language: definition language: definition (cont.)

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02-Introduction.ppt1. Introduction
Human Languages Babel, many years ago
Good Day!
Guten Tag!
Bon Jour!
Language: definition
Language: ! 1 a: the words, their pronunciation, and the methods of combining them used and understood by a large group of people ! b (1): audible, articulate, and meaningful sound as produced by the action of the vocal organs! (2): a systematic means of communicating ideas by signs or marks with understood meanings (sign language)
CPSC 449 Principles of Programming Languages Jörg Denzinger
Language: definition (cont.)
2 a: form or manner of verbal expression; esp. STYLE (forceful language)! b: the words and expressions of a particular group or field (the language of medicine)! 3: the study of language especially as a school subject (Old French, from langue "tongue, language:, from Latin lingua)
Webster's New Encyclopedic Dictionary, 1996 Edition
CPSC 449 Principles of Programming Languages Jörg Denzinger
How is language supposed to work?
Chair ?
How is language supposed to work?
Chair ?
2
How is language supposed to work?
Chair ?
How is language supposed to work?
Chair
But:
So:
Chair
What do we want to communicate using a language?
n Things visible/invisible real/imaginary
Causal Temporal
Language is more than words!
n Letters are used to form words n Words are used to form phrases n Phrases form sentences n Sentences form paragraphs n Paragraphs form sections n Sections together form chapters n Chapters form books
3
But:
n Not every sequence of letters is an "allowed" word n Not every combination of words is a phrase n Not every collection of phrases is a sentence
F Syntax defines what is allowed and what not! But: syntax must be communicated between humans! F Grammars!
are used to describe syntax (using rules, laws, etc.)
CPSC 449 Principles of Programming Languages Jörg Denzinger
How do we go from syntax to semantics?
n Humans learn about the meaning of words from other humans and develop their own relations between syntactical constructs and semantical concepts
n There are then groups of human beings that have rather similar semantical concepts for the same syntactical construct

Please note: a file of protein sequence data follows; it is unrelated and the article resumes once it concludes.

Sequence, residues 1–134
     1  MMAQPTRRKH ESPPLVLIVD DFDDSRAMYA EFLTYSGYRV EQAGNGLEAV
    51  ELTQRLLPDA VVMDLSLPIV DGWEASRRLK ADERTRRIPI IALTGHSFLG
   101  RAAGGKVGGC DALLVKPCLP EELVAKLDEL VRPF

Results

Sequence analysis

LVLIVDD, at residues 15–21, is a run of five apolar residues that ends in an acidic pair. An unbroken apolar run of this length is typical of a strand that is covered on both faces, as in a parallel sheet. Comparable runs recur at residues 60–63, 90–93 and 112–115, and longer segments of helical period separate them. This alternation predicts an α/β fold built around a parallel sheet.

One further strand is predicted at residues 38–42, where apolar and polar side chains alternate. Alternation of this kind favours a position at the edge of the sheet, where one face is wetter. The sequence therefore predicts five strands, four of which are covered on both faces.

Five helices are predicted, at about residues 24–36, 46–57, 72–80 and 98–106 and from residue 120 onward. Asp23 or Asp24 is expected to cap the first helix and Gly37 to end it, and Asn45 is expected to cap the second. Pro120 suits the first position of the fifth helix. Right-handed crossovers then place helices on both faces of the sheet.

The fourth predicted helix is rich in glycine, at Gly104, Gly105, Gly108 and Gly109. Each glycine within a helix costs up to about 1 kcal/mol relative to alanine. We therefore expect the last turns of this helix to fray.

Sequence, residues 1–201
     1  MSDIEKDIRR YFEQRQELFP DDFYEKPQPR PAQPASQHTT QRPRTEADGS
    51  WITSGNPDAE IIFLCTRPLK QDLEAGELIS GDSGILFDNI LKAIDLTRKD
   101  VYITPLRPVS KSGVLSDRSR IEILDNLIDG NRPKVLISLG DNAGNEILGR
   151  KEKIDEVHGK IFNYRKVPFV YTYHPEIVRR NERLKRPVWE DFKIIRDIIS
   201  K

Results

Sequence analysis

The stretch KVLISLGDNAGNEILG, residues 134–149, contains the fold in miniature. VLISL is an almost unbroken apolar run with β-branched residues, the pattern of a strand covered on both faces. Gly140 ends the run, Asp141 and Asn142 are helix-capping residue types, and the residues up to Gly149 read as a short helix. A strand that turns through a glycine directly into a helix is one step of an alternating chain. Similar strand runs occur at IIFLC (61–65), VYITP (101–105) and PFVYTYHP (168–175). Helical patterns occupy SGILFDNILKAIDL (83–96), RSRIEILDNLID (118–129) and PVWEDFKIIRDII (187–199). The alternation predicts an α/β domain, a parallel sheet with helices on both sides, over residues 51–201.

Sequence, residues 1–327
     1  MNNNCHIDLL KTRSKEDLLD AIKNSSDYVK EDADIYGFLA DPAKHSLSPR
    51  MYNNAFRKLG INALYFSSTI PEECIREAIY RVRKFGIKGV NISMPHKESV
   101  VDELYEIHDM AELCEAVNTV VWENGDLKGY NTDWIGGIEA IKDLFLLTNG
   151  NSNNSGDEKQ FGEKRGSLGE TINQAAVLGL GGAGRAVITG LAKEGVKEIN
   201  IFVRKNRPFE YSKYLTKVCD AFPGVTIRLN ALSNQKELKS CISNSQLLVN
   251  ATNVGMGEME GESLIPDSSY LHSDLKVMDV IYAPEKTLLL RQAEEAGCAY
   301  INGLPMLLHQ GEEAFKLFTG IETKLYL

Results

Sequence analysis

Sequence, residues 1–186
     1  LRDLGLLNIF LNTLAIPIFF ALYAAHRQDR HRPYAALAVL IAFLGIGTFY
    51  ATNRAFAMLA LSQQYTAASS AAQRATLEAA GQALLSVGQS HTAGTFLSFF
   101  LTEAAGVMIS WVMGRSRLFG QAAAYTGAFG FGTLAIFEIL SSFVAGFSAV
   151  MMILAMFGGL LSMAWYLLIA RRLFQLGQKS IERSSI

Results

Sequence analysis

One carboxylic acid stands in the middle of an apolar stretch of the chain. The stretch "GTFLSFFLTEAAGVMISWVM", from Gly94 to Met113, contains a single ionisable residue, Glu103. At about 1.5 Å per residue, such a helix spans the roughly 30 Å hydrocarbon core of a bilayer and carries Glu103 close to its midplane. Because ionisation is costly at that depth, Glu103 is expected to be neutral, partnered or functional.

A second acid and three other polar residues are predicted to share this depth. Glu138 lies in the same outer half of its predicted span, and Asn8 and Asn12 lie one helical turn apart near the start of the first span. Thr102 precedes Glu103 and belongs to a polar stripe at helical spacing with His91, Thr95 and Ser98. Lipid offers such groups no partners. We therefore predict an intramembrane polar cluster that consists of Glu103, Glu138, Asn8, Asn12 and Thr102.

F A language is born
CPSC 449 Principles of Programming Languages Jörg Denzinger
Problems with human languages (I)
n Several different syntactical constructs can express the same semantical concepts: Chair vs. object you sit on This allows poets to exist!
n One syntactical construct can be associated with several semantical concepts
Ambiguity: source for many jokes
Chair
Problems with human languages (II) n Human languages change
CHATILLON Philip of France, in right and true behalf Of thy deceased brother Geffrey's son, Arthur Plantagenet, lays most lawful claim To this fair island and the territories, To Ireland, Poictiers, Anjou, Touraine, Maine, Desiring thee to lay aside the sword Which sways usurpingly these several titles, And put these same into young Arthur's hand, Thy nephew and right royal sovereign.
The Life and Death of King John William Shakespeare
CPSC 449 Principles of Programming Languages Jörg Denzinger
What about computer programming languages?
n Fortran n Prolog n Lisp n C / C++ n Java n Smalltalk n …
CPSC 449 Principles of Programming Languages Jörg Denzinger
Why do we have the Babel syndrome here? n People want to combine certain features of other
languages into one language n People want to work on a higher abstraction level
and therefore produce a language with such higher concepts
n People want to have a language that supports certain types of tasks: Self modifying programs Real-time applications Verification of programs etc.
n There is a new idea of computability
4
?
?
Compiler Exe- cutable
?
Inter- preter
!
Inter- preter
But still:
So, what defines semantics?
n Language report in natural language n Operating system of underlying computer n Understanding of designer & programmer of
compiler/interpreter of language report and machine specifications
5
What do we want to communicate using a programming language?
n Data and the structure of data n Many different manipulations of data n Sequences and more complex combinations of data
manipulations n Access to external devices, like sensors, files, printers
CPSC 449 Principles of Programming Languages Jörg Denzinger
How do we define a programming language? (I)
Syntax: n Formal grammars like
Context-free grammars Backus-Naur form Attribute grammars
n Syntax diagrams
Semantics: n Theoretically using:
Operational semantics Axiomatic semantics Denotational (or fixpoint) semantics
n Practically: (in theory) by a language report (in practice) by a compiler/interpreter
CPSC 449 Principles of Programming Languages Jörg Denzinger
Problems with programming languages (I)
n Several different syntactical constructs can result in the same computation result:!
j:= 0 j:= 0 for i:=1 to 5 do i:= 1 j := j+1; while i<> 6 do begin j:= j+1; i:=i+1 end
CPSC 449 Principles of Programming Languages Jörg Denzinger
Problems with programming languages (II)
n Programming languages can change!! Going from Java 1.1 to Java 1.2 was quite a fiasco
But: the same syntactical construct should never have different meanings! (now, we just have to tell the compiler guys this J)
CPSC 449 Principles of Programming Languages Jörg Denzinger
Why learning to learn languages on our own?
n Babel “syndrome” will persist: New languages keep getting invented to deal with
new developments (and the need to build in more knowledge) nWeb applications nEmbedded systems